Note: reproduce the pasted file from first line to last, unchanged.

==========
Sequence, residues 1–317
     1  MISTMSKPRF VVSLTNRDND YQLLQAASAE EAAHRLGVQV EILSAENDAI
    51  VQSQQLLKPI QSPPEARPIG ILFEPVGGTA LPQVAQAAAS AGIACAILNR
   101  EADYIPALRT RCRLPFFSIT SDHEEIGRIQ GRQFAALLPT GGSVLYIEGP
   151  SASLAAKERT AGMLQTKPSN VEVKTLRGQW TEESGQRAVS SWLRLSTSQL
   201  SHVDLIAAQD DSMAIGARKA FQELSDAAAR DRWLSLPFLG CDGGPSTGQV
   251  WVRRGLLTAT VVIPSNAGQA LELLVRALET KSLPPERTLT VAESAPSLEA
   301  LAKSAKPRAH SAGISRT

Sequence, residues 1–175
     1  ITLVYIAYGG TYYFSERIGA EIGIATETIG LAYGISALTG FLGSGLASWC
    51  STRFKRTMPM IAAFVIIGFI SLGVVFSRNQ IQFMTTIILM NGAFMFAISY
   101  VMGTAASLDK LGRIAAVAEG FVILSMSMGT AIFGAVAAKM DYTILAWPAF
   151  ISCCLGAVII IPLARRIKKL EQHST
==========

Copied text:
Sequence, residues 1–317
     1  MISTMSKPRF VVSLTNRDND YQLLQAASAE EAAHRLGVQV EILSAENDAI
    51  VQSQQLLKPI QSPPEARPIG ILFEPVGGTA LPQVAQAAAS AGIACAILNR
   101  EADYIPALRT RCRLPFFSIT SDHEEIGRIQ GRQFAALLPT GGSVLYIEGP
   151  SASLAAKERT AGMLQTKPSN VEVKTLRGQW TEESGQRAVS SWLRLSTSQL
   201  SHVDLIAAQD DSMAIGARKA FQELSDAAAR DRWLSLPFLG CDGGPSTGQV
   251  WVRRGLLTAT VVIPSNAGQA LELLVRALET KSLPPERTLT VAESAPSLEA
   301  LAKSAKPRAH SAGISRT

Sequence, residues 1–175
     1  ITLVYIAYGG TYYFSERIGA EIGIATETIG LAYGISALTG FLGSGLASWC
    51  STRFKRTMPM IAAFVIIGFI SLGVVFSRNQ IQFMTTIILM NGAFMFAISY
   101  VMGTAASLDK LGRIAAVAEG FVILSMSMGT AIFGAVAAKM DYTILAWPAF
   151  ISCCLGAVII IPLARRIKKL EQHST